Carnival Week is undoubtedly one of the most colourful and much awaited for event in the Maltese calendar. The Carnival provides five days of revelry with many young and old alike, dressing up in colourful costumes and covering their faces with masks in the many towns and villages.
Gozo organizes its edition of this festivity. The main activities take place in the main square in Gozo’s capital Victoria and in Nadur Square. But a particular event, which takes place in Nadur, defies the official definition of a standardised Carnival activity such as those held in Valletta (the capital city of Malta) and Victoria. Nadur is one of the villages of Gozo with a long tradition of spontaneous carnivals. Indeed this event has become such a popular one that parties of university students annually participate as part of anthropological fieldwork! The novelty of the Nadur Carnival is that there is no organising committee to plot out its course. Thus it retains an essentially popular character.
The main purpose of dressing up is simply not to be recognised. Consequently grotesquely disguised crowds overrun the streets with costumes consisting mainly of haphazard, coarse guises made of sack, sheets, wigs and incongruous make-up. The local participants are often silent for most of the time in order to make sure that they remain unidentified – no wonder there are times when it is also referred to as the Silent Carnival !!! Within this absurd set-up it is not uncommon to catch sight of placards with ambiguous, snide remarks daubed in paint directed at both private and public personalities, which in order to avoid being regarded as libellous are often veiled reference, very difficult to gauge for first-time visitors.
It is a must to participate and experience the joie de vivre, this activity brings along.
Feast of Santa Maria in GOZO
The feast of the Assumption of the Blessed Virgin, also known as Santa Marija, is celebrated on the 15th August where most celebrations take place in Victoria Gozo. The feast of Santa Marija is also celebrated in six villages in Malta being Attard, Ghaxaq, Gudja, Mosta, Mqabba and Qrendi.
Numerous Maltese and visiting tourists celebrate this popular feast in Gozo, many of them staying over for the long weekend resulting in the majority of hotels and other holiday accommodations being fully booked.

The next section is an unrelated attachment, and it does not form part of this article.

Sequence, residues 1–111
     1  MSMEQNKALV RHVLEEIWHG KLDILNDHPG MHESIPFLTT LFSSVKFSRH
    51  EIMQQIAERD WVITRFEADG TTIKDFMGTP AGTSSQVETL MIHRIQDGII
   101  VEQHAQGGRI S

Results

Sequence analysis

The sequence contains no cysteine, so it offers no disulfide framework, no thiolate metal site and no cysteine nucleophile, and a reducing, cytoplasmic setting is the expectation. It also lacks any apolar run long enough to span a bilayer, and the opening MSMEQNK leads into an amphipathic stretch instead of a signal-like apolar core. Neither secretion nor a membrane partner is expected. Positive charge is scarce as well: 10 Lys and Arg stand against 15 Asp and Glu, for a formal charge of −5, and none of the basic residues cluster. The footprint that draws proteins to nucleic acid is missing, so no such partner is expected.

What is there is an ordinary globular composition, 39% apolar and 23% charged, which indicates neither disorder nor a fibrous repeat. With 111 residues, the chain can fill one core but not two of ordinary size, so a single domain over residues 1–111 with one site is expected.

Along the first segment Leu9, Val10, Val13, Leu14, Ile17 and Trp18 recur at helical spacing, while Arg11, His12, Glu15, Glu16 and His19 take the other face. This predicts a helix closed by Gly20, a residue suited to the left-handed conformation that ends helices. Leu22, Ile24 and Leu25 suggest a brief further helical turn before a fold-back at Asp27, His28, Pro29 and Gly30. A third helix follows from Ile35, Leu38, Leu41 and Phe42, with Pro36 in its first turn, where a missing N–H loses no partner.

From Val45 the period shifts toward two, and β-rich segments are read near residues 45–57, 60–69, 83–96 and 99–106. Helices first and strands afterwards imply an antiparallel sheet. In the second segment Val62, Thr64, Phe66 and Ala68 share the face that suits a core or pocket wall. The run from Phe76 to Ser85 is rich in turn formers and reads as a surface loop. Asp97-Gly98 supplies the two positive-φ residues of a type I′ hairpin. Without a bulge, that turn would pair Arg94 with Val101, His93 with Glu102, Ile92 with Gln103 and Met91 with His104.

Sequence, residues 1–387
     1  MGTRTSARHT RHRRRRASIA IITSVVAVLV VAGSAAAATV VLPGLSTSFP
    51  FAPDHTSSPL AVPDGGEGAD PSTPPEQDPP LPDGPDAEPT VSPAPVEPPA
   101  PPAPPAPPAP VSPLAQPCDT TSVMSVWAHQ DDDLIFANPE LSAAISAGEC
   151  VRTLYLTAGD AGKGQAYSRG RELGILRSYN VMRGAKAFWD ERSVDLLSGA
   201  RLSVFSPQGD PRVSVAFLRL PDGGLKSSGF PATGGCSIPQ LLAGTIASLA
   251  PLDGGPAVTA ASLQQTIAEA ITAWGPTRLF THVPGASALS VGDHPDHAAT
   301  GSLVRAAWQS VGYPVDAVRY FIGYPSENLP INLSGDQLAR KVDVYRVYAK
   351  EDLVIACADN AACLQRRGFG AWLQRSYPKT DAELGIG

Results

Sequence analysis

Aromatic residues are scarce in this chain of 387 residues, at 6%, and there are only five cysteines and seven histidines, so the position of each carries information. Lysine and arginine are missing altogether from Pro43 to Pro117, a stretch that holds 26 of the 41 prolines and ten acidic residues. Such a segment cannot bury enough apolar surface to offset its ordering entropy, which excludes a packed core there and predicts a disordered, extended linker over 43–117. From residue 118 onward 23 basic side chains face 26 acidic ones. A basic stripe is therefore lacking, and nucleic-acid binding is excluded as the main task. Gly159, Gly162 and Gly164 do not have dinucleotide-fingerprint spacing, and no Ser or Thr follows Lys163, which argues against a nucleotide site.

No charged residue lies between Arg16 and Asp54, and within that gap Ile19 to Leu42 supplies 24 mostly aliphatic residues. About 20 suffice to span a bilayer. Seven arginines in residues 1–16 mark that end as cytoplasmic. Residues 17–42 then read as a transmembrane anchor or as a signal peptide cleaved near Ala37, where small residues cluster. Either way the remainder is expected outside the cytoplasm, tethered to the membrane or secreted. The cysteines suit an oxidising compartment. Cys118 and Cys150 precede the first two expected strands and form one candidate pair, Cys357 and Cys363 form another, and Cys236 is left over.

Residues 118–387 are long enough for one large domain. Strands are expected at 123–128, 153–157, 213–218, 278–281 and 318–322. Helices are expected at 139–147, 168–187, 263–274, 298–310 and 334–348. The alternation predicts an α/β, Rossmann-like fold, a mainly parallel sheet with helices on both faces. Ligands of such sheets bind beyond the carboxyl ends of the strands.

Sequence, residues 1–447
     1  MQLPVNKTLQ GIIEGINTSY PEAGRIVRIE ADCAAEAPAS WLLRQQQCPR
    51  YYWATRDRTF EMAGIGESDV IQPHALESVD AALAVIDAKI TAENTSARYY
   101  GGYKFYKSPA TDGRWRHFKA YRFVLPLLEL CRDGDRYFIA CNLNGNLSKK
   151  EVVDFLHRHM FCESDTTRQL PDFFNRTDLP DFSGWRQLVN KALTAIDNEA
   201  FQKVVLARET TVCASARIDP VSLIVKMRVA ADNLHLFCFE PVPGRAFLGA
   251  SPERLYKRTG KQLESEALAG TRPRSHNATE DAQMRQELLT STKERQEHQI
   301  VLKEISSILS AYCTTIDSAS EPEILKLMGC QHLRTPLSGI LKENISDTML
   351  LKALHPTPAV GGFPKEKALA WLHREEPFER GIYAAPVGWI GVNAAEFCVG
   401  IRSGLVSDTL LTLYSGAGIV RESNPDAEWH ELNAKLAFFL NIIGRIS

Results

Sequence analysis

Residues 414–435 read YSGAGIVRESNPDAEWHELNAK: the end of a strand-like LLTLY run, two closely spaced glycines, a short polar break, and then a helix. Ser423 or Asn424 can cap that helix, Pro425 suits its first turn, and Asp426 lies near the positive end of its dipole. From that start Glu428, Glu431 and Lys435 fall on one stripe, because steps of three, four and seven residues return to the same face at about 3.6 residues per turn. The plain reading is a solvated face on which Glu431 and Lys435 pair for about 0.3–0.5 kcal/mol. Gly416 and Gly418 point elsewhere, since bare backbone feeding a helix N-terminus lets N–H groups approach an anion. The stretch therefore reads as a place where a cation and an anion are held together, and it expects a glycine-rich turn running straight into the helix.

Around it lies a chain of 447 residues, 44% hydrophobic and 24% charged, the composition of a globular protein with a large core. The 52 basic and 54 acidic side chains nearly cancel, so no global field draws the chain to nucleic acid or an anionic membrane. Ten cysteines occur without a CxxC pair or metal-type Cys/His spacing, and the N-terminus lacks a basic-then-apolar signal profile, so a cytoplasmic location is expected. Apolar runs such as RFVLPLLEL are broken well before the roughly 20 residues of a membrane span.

This day also commemorates the 66th anniversary of the arrival of the Santa Marija convoy, which saved Malta from surrender when the allied convoy of food and fuel reached the islands on the 15th of August 1942, despite the heavy bombardment inflicted by German and Italian planes and the sinking of many of the ships.
This feast day is also a National Public Holiday and has deeply rooted ties with both our folklore and history.
EASTER in GOZO
The celebrations of Holy Week and Easter are of a religious character, however people from all walks of life flock in big numbers to commemorate the resurrection of Christ.
Holy Week commences on the Friday preceding Good Friday, when the statue of Our Lady of Sorrows is carried in a procession through the streets of Valletta and many other towns and villages. During this time, the Maltese flock to the churches in great numbers. On Maundy Thursday, the “seven visits” take place, which are the visits to seven different churches, to pay homage to the Altars of Repose.
Good Friday gives a sombre outlook, as churches are deprived of the traditional ornamental style. Instead, red is the dominant colour, symbolising the Blood of Christ.
The situation entirely transforms the following day, when bells toll as they break the night’s silence in order to announce the Resurrection of Christ. Mid-morning on Easter Sunday, a procession with a statue of the Risen Christ moves around the streets close to the church. At the end, the way is cleared and the statue-bearers take a run to carry the Risen Christ triumphantly back into the church.
Easter day is traditionally celebrated with a family lunch and is a time to visit relatives and friends, exchanging gifts. It’s also a tradition to give children Easter eggs and a “figolla”, (a traditional Maltese almond-filled pastry, covered in icing).